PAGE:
Preparing your car in Code Blue weather

It’s cold outside, and that might be an understatement. With Code Blue weather, it’s time to consider the health of your car. So what should you do?

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  1. Get your battery and alternator checked.

The last thing you need to do is walk outside to your car and find that it won’t turn on. That’s bad for business. Make sure you know if you’ll be needing a battery soon by getting it checked out at an auto repair shop. In order to check your alternator, you are going to need a multi-meter and the voltage should read somewhere between 13.8 and 14.2 volts. Again, a repair shop can also do this for you if you don’t feel comfortable doing it yourself.

 

  1. Make sure your Coolant mixture is right.

Anti-freeze and water must be at the right levels in order to make sure the liquid does not freeze in the radiator. You can find the right mixture ratio in the owner’s manual for your car.

  1. Should you go thinner for winter?

Oh darn those people in Los Angeles and Honolulu. Do you think they have to worry about freezing temperatures? On any given day, they are wearing shorts and trying to block the sun by laying under the palm trees. Okay, that might be an exaggeration, but they don’t have to deal with the decisions that car owners that live in areas that get under 32-degrees deal with. One such decision is whether to switch to a thinner blend of oil. Popular Mechanics explains that this might have been true at one point, but with the dawning of multiviscosity oil like 10W40, (and by the way the “W” stands for winter) the oil flows better when it’s cold and thickens up in the summer when it is hot.

 

  1. Get your tires checked.

Worn-out tires with no tread are bad at any time of the year, but add snow and ice and it could be a disaster waiting to happen. You also want to make sure your tire pressure is at the proper psi level (which simply means pounds per square inch). Find your psi in your owner’s manual. Check out the following video for more tips about tire pressure.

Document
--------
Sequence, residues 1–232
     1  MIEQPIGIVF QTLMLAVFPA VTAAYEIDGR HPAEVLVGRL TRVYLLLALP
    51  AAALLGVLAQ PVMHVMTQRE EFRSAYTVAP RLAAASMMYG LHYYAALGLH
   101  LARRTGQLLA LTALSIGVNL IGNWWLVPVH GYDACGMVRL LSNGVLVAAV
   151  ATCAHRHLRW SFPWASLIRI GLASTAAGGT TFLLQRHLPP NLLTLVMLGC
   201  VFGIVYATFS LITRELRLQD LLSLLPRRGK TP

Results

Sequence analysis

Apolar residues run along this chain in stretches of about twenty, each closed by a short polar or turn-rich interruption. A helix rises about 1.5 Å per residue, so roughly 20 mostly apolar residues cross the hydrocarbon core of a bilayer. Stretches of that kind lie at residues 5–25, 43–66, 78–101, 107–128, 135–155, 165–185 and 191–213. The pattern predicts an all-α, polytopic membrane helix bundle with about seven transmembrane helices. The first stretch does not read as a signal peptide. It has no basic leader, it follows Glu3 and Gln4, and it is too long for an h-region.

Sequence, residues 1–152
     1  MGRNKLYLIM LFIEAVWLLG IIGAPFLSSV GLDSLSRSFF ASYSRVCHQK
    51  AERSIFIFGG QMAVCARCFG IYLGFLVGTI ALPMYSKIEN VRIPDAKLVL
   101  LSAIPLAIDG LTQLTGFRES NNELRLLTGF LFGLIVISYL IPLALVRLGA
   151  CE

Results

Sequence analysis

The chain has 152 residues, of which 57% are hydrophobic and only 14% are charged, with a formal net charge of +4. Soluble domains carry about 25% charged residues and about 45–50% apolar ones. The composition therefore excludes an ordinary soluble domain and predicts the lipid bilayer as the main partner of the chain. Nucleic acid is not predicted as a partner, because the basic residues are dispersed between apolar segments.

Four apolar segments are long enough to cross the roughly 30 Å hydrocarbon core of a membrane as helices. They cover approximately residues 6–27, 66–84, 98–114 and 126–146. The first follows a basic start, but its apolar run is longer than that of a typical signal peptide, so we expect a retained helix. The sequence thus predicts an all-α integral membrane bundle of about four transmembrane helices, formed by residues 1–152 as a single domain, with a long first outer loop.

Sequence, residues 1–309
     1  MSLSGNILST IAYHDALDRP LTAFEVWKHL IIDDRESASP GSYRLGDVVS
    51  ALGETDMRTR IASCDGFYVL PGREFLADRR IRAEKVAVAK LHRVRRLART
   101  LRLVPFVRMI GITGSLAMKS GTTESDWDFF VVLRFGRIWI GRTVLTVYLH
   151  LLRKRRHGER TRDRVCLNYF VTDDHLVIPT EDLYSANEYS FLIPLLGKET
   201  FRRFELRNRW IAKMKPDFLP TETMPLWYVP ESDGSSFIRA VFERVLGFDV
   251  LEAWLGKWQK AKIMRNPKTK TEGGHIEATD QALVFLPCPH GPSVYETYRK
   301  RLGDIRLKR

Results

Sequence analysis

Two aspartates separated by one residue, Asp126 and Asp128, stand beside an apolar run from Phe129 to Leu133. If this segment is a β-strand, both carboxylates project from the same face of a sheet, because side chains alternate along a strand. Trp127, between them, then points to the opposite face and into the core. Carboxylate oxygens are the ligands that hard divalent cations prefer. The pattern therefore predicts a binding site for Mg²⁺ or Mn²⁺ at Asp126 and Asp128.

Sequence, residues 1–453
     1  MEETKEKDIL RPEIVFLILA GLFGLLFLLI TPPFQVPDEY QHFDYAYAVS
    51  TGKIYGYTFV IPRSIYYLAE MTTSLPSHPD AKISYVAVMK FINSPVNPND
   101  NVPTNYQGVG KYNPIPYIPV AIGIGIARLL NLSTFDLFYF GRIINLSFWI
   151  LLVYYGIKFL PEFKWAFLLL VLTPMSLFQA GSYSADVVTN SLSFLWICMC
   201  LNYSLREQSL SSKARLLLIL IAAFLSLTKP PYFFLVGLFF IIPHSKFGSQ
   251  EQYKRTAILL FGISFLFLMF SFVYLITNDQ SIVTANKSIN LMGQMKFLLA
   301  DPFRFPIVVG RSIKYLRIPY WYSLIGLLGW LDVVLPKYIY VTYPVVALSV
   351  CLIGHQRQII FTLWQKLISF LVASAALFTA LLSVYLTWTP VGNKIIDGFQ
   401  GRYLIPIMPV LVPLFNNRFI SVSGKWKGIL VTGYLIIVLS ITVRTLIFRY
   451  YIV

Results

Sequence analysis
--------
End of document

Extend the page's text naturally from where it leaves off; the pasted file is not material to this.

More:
Another option to consider is snow tires. Snow tires increase your traction. In other words, you remember the last time you were caught in the ice and your tires kept spinning around in one place; that’s what the snow tires are there to avoid.

  1. Freeze-free wiper is vital.

Your wiper fluid is something you might not think about too much, but maybe you should. Have you ever had the experience of trying to use your wiper fluid in the winter only to find that it’s not spraying anything because it’s frozen. No! No! No! That’s probably what you are screaming as you try to figure out how to see through that horribly spotted window. Don’t get caught out there like that! Get freeze resistant wiper fluid to keep your windshield clean. Rain-X, Prestone, and Splash all have wiper fluids that keep the ice away.

  1. Be prepared for anything.

Make sure you have an emergency car care kit in your trunk. Include non-perishable food and a blanket, just in case you get stuck on the side of the road for a while. Also make sure the kit has a jack, road flares, car charger, a flashlight and a bag of kitty litter or sand to provide traction under your wheels.

Being prepared will make you feel confident as you travel up and down the road in inclement weather. The Code Blue status lets you know that conditions are cold enough for hypothermia and death, so take it seriously for yourself and for your car.

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